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Warner Classics

“For me, Strauss is one of the greatest composers,” Diana Damrau has said. “The way he handles the soprano voice is a joy. And to be able to sing his music with my voice feels like coming home.”

The soprano literally shares a home with Richard Strauss in that she, like the composer, was born in Bavaria. She studied at the conservatory in the Bavarian city of Würzburg, and went on to join the company at its Mainfrankentheater before making an international reputation – not least in such soaring Strauss roles as Zerbinetta in Ariadne auf Naxos, Sophie in Der Rosenkavalier and Aithra in Die Ägyptische Helena.

The centrepiece of this album of Strauss songs is very much a Bavarian affair. In the sublime Vier letzte Lieder or Four Last Songs, Damrau is joined by the Bavarian Radio Symphony Orchestra and its long-standing Chief Conductor Mariss Jansons. When they performed the songs together at London’s Barbican Hall in early 2019, the Evening Standard wrote “Today Diana Damrau is their most celebrated interpreter, and this performance showed why,” while the Financial Times declared, “Lucky the soprano who has Mariss Jansons as her conductor.” The Times praised the way Damrau “summoned majestic surges of tone out of the most daring pianissimos,” and, extolling the orchestra’s performance in the concert, described “such sonic splendour, such a revelation of details, such virtuosic drive and soloistic character.”

Soprano, conductor and orchestra also unite for perhaps the best loved of all Strauss’s songs, the serene ‘Morgen’ (Tomorrow), but the rest of the album is devoted to songs with piano, played here by Helmut Deutsch. A native of Vienna, Deutsch is one of the world’s most distinguished collaborative pianists and joined Diana Damrau and Jonas Kaufmann on the recording of Hugo Wolf’s Italienisches Liederbuch that Warner Classics released in early 2019.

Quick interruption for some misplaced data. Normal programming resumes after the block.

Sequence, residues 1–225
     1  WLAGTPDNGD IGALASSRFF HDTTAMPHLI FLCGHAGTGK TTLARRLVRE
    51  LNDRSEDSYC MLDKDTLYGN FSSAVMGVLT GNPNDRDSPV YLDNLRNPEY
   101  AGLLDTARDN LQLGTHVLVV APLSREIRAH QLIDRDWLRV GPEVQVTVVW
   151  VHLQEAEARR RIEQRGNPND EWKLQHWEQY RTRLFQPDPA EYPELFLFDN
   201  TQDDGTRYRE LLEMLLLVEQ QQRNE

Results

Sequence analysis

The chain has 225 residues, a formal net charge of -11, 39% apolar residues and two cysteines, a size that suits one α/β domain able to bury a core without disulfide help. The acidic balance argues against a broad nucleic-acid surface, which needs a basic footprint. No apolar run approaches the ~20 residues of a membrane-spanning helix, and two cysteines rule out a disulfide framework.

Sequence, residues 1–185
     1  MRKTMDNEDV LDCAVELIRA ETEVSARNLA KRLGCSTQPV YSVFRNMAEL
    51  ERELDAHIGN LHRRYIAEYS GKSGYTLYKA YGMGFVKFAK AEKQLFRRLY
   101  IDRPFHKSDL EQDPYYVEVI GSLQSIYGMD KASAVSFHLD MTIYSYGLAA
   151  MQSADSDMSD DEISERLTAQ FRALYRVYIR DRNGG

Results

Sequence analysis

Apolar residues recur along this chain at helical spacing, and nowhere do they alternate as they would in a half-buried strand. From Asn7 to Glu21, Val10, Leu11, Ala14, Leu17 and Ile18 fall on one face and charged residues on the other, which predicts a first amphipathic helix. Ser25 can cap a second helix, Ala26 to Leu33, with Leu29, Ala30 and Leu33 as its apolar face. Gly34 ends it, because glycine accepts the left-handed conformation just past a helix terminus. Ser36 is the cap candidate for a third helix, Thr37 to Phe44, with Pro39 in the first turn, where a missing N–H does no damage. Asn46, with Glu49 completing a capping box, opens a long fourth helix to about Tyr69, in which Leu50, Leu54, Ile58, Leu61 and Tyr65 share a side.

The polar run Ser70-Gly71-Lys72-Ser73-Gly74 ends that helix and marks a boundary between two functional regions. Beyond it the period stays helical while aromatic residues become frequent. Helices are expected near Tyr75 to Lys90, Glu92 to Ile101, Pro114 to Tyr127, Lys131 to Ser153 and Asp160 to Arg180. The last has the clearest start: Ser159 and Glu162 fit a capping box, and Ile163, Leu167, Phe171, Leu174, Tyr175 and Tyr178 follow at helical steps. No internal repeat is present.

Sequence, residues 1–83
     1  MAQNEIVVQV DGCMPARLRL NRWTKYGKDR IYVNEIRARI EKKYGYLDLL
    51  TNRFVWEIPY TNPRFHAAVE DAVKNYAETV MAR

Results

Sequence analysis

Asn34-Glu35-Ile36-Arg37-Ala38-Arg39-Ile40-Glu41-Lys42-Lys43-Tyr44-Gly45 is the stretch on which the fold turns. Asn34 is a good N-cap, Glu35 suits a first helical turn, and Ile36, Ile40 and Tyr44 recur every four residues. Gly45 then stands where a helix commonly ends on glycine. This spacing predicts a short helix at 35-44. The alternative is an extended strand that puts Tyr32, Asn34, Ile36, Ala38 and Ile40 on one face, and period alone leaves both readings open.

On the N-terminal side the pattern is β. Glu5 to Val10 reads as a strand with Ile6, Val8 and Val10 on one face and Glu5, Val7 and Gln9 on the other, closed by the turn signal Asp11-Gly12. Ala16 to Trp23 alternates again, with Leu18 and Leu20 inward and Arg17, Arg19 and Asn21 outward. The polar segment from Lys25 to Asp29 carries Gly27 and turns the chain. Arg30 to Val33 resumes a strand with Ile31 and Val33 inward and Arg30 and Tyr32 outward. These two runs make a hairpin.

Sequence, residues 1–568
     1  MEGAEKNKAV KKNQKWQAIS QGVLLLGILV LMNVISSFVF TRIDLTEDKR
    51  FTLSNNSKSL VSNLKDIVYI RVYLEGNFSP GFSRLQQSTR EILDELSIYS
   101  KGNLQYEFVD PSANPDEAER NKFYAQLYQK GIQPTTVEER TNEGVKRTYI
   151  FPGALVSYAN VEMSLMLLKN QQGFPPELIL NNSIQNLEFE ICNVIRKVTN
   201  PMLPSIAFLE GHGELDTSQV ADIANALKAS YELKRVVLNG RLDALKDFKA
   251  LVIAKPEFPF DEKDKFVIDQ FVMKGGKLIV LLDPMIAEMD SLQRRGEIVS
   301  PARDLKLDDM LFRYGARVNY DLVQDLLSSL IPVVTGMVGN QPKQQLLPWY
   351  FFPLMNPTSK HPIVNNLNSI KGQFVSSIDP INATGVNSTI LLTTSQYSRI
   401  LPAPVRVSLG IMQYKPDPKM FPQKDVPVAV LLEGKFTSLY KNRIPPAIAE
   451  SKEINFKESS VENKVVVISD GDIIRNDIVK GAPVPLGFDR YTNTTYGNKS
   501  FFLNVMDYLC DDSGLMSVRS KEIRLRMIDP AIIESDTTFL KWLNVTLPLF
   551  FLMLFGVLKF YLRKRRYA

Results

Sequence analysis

Damrau and Deutsch’s programme, which intersperses some of Strauss’s best-loved songs with comparatively rarely heard numbers, ranges from the exuberant (such as ‘Einerlei’) to the heart-breaking (‘Befreit’) and includes two small song cycles: the five Mädchenblumen, which portray girls as flowers in ornamental musical terms, and, written some 30 years later in 1918, the expressionistic Lieder der Ophelia, based on Shakespeare’s Hamlet.

Damrau first began singing Strauss songs as a student: “I loved Strauss straight away. Not only is the music gorgeous, there’s the way he combines words and notes – and the psychology … Strauss was a connoisseur of the voice, especially the high voice, thanks to his wife, the soprano Pauline de Ahne. He gave the voice momentum.”

This album is scheduled for release on January 31 and is already available for pre-order via Presto Classical.